Different Styles of Writing a Book

By Samantha Lowe
Books, a myriad, styles
Books image by explicitly from Fotolia.com

Writing a book, whether good or bad, is hard work and can be done in several different writing fashions. Anyone can create a book; however, they have to choose what path they desire to take concerning writing styles. Many things dictate different styles, from socioeconomic status to desired readability to location; for example, British writers differ from U.S. writers. There are writers inclined to be didactic and those who are inclined towards upbeat and comical prose. No matter what you wish to write, determine a style before you begin.

Natural Style

The natural inclinations of a writer generally comes out in the writing. From word usage to the way sentences are structured are determined, usually, by the writer's own background. A U.S. writer may use the word "lots" to describe a great deal of something, while an Australian writer might use "heaps" instead to describe the same thing. Socioeconomic background, race or religious background may all affect writing in the same manner, just as they affect the writer him- or herself.


While it is the normal human inclination to use personal pronouns in the past, present or future tense, some writers choose to use third-person pronouns, referencing the main characters by their names or by him, her or their. This distances the reader from the protagonists or antagonists of the book and allows them to become less emotionally involved with the individual and able to take in the story in a more holistic manner. Using first-person has the opposite effect, where the reader feels very connected with the individual, as they are carried through the story with the person who is speaking.


Using persuasive writing in a book inclines the reader one way or another concerning an issue, situation or character. The author already tries to make up the reader's mind concerning these things in either a positive or negative manner. Persuasive writing is effective when the author is attempting to get a message out or accentuate a point. This works well in books which are arguing for or against a situation, such as those concerning global warming, for example. It is also often used in advertisements, to have the consumer purchase a particular product.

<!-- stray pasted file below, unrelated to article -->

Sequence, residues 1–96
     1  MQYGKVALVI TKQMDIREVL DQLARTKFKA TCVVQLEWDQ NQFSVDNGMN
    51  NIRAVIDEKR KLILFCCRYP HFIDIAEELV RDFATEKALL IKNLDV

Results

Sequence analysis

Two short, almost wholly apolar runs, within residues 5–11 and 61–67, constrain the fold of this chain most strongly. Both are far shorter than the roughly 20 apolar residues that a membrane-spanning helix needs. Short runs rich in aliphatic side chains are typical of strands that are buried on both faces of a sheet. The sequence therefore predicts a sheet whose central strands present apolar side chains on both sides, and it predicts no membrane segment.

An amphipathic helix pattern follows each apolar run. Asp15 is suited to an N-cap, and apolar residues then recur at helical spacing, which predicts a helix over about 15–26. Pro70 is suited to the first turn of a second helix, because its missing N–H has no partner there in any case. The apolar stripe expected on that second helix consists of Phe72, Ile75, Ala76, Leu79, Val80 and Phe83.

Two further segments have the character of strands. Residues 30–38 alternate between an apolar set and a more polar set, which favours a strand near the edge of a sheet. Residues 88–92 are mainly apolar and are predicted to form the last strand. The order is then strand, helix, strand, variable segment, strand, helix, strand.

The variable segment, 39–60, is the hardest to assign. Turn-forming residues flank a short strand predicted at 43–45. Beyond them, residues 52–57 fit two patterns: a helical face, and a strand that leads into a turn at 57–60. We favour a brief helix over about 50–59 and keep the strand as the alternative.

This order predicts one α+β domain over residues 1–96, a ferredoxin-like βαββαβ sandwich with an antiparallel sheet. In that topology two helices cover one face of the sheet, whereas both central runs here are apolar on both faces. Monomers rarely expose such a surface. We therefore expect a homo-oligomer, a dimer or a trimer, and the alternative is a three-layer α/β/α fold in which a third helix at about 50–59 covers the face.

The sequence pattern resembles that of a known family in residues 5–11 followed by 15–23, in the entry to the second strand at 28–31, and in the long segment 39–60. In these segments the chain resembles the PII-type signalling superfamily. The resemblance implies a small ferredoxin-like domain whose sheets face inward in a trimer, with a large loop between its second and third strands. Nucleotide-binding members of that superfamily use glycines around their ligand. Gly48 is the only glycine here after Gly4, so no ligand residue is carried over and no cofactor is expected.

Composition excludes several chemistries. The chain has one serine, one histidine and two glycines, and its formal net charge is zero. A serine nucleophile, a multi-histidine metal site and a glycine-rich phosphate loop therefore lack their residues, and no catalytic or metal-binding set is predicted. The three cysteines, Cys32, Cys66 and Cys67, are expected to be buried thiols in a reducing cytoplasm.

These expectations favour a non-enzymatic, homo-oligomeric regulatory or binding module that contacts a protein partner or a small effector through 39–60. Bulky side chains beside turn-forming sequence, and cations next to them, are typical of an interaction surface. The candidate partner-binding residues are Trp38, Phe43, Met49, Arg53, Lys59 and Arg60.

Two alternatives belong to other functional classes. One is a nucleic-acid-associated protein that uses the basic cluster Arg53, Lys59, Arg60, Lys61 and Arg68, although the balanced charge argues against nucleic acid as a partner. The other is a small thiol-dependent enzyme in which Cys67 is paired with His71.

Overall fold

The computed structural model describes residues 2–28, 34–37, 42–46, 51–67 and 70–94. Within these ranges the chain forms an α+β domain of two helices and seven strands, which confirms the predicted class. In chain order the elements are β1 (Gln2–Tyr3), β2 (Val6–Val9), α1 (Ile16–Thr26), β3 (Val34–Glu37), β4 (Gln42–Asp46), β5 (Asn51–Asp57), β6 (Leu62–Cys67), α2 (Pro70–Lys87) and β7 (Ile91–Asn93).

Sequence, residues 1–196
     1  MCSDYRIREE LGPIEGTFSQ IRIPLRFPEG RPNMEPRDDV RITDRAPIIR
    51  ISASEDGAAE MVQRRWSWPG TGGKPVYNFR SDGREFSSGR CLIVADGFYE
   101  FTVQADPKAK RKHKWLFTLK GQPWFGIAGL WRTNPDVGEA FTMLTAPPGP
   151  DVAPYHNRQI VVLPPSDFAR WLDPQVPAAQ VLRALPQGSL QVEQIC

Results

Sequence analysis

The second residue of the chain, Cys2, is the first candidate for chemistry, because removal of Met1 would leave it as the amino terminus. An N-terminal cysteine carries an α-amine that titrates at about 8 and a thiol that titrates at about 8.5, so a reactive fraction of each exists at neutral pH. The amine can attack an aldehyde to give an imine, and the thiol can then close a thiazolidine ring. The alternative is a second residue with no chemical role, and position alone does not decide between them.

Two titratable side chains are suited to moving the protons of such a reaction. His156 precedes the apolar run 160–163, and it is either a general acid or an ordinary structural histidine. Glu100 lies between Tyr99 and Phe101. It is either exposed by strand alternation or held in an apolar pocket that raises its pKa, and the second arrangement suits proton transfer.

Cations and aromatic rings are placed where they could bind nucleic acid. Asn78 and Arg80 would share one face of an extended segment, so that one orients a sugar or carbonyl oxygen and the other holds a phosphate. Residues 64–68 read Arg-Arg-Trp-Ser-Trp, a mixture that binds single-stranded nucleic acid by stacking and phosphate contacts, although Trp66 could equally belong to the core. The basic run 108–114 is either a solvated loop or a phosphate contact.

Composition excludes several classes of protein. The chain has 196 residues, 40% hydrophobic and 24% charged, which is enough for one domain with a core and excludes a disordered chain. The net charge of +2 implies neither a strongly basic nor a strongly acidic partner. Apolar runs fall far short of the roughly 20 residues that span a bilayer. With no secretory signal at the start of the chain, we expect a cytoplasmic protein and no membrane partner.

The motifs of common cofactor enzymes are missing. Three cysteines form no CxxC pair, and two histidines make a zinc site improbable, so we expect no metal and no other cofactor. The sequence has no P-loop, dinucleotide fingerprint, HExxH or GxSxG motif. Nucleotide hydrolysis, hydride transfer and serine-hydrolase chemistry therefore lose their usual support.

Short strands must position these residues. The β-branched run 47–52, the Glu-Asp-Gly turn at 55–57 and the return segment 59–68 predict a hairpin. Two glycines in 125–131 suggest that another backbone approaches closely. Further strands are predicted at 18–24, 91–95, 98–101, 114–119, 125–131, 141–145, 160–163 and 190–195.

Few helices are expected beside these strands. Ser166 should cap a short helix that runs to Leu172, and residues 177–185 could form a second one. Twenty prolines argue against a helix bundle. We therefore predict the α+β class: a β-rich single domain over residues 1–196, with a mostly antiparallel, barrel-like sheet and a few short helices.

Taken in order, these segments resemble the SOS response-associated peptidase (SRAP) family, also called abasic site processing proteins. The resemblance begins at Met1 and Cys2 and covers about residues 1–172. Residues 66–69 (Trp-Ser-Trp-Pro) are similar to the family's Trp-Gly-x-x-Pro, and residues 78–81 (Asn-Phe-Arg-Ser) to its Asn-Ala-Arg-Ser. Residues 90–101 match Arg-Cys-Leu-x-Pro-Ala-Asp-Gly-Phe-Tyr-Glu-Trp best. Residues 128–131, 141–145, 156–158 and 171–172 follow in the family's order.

Hemingway is the classic example of the artificial writing style. Deliberately placed words and language that is not completely normal for a certain individual or situation are characteristic of artificial writing styles. Even JRR Tolkien's "Lord of the Rings" trilogy can be classified as such, for many of the characters would not talk in the same manner if they were human, living in England during Tolkien's life. Artificial language can be used to distinctly separate a character or situation from others in the book or from normal life itself.

About the Author

Based in Kingston, Canada, Samantha Lowe has been writing for publication since 2006. She has written articles for the "Mars' Hill" newspaper and copy for various design projects. Her design and copy for the "Mars' Hill" won the Associated Collegiate Press Pacemaker award in 2008. Lowe holds an Honors BA from Trinity Western University, and a MSc in Occupational Therapy from Queen's University where she is currently doing her PhD.